"How is that two? That's three new purses this month alone," he said.
"I plan on returning one," she said. And then she muttered under her breath, "It's almost as if you don't even want a wife." As if wifedom equaled purses and clothing and spending.
This couple moved not long ago. The husband was packing up the stuff in the bathroom. He boxed up the woman's makeup kit and then, as he continued, he found another one.
"Why do you have two makeup kits?" he asked her.
"Huh," she said. "I didn't know I did."
He continued to pack, and as he did he found another makeup kit. And another.
"Four makeup kits!?!" he said. "Why do you need four makeup kits?"
"I was wondering what had happened to those," said the woman.
Before he was finished packing, he'd found three more makeup kits. In all, he found seven makeup kits in the bathroom. He estimates that they each one contained at least $100 worth of makeup. He figures that now, at least in theory, the woman has a life-time supply of makeup.
The woman doesn't just dress herself in expensive clothing; she also dresses her children in posh outfits. It's as if Baby Gap were created especially for her. It's caused her husband no end of grief to realize that his children have destroyed hundreds (thousands?) of dollars worth of clothing, smothering them with dirt and blood and shit and piss and jelly and soup, tearing them in fights and bike crashes and general childhood antics. I suggested that maybe she could buy her kids' clothes at a thrift store; she wouldn't be caught dead in a thrift store.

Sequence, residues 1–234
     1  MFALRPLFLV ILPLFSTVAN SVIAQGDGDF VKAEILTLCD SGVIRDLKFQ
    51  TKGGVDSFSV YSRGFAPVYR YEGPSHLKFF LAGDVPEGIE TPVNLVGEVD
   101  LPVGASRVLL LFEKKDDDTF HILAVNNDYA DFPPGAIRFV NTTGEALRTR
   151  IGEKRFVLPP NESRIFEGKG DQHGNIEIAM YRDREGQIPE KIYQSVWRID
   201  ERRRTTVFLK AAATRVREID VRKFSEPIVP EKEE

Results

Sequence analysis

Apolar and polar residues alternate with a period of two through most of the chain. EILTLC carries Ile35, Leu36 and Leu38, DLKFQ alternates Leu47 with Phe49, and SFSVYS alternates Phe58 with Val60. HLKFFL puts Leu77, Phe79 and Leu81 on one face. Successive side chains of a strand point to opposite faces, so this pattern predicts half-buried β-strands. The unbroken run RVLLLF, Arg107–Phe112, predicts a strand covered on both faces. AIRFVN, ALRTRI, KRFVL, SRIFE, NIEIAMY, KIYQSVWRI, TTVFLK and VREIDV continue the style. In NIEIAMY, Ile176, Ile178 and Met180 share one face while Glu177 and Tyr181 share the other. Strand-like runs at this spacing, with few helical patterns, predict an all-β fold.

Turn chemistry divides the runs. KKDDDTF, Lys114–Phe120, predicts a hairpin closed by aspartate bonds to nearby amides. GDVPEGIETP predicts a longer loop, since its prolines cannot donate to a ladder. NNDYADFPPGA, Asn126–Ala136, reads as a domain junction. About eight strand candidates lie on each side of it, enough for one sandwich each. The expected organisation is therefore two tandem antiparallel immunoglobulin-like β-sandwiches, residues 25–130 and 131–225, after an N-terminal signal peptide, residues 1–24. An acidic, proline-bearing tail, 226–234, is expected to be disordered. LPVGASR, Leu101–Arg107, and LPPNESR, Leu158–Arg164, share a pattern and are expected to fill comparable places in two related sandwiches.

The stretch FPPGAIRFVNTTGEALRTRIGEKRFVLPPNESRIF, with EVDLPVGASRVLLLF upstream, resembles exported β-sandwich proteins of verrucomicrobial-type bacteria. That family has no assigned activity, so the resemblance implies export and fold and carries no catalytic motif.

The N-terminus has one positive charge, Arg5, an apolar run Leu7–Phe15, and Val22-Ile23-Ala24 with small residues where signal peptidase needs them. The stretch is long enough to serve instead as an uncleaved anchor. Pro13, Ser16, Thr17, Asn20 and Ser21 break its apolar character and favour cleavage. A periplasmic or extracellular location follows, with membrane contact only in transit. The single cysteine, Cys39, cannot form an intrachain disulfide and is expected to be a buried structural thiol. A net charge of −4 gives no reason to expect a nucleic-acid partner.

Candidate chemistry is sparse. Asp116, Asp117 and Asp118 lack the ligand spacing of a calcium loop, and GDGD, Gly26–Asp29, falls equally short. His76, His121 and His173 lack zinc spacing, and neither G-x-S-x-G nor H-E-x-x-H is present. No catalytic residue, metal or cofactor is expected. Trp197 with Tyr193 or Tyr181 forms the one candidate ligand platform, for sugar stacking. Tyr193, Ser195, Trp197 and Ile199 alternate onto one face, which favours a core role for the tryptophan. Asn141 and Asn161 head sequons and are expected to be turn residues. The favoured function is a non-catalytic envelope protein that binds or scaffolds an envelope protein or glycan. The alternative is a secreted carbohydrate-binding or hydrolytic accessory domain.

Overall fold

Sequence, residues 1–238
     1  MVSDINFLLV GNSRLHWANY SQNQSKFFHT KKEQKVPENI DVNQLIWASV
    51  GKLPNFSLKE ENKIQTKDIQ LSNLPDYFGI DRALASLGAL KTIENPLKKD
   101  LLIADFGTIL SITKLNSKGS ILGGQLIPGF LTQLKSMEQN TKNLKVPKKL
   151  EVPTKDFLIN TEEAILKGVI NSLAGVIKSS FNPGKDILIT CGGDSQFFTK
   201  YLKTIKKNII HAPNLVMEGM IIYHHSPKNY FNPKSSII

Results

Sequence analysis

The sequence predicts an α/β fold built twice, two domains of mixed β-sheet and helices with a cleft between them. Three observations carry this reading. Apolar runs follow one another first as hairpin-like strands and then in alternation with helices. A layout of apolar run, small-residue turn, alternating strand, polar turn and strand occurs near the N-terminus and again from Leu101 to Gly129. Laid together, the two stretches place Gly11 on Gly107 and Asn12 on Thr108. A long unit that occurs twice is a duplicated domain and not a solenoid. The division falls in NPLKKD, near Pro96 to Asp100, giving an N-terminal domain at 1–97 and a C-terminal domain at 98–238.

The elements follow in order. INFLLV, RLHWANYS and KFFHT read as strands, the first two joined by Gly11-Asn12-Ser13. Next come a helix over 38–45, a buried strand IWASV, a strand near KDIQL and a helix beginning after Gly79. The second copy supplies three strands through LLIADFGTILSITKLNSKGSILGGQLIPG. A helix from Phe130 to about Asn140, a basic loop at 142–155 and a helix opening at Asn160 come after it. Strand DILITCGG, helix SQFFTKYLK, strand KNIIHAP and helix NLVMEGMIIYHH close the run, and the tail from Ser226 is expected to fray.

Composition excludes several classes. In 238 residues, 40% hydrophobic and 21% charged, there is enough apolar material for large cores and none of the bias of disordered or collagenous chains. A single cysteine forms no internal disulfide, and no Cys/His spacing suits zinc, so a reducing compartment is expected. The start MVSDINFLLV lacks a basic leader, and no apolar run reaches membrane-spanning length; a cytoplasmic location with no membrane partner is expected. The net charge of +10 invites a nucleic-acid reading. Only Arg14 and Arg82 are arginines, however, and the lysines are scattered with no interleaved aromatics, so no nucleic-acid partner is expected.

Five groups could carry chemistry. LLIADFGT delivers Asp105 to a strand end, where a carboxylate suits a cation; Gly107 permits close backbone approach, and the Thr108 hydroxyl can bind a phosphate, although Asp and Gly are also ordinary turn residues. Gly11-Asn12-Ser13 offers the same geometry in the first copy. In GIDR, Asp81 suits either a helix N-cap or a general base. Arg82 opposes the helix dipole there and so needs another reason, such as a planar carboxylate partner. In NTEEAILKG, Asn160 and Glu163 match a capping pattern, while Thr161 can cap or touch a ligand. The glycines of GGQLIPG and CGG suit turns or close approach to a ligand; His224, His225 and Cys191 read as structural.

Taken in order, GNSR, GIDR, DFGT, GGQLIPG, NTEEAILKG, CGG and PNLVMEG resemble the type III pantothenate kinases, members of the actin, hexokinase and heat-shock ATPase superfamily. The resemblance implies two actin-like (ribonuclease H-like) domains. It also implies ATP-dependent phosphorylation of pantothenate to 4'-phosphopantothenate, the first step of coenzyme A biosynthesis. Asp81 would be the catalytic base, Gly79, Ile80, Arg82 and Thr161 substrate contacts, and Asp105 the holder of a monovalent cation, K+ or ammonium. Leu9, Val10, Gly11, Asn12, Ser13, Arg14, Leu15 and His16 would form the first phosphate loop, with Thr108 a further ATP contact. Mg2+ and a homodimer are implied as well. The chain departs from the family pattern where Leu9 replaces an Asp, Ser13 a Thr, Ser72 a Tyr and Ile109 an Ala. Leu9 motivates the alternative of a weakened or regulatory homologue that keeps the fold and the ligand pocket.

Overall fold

I just don't understand the mall-shopping mentality. It's so far removed from my experience. Why pay so much for clothing? And why buy so many clothes? (Okay — I'm treading a fine line with that lost comment. I still have a half-dozen unopened Costco shirts at the bottom of my closet, shirts that won't fit now that I'm losing weight!)
I also don't understand why so many women of my acquaintance spend hundreds of dollars on their hair each year. To what end? Mostly, their hair looks great in its natural state. Yet many women go in once a month — if not more often — to have their hair "sculpted" and tinted. I think that, almost without exception, tinting makes hair look worse, not better. (If you're tinting an unnatural color — like blue or green — then I can understand, but to have your hair tinted dishwater blond? Or grey? Why?)
Obviously, this entire entry can be construed as the pot calling the kettle black. After all, I spend hundreds of dollars every year in a frivolous fashion. I don't spend the money on my hair or my wardrobe; I spend it on books.
Kris and I keep our finances completely separate. This strikes many people as goofy, but it works for us. We never fight about money. (The only time we've ever fought about money was when I wanted to buy a house and she didn't.) Contrary to most relationships, I'm the spender in the family, and even then, I just spend to my limit, not beyond it (though this hasn't always been the case).
On this day at foldedspace.org
2005 — Cat Pictures Today this space features photos of my cats. Isn't that what weblogs are all about?
2003 — Pillows Which of these images do you prefer?
2002 — Back in the Saddle The weather and my free time finally aligned today! I made my first ride of the year. Rides, actually.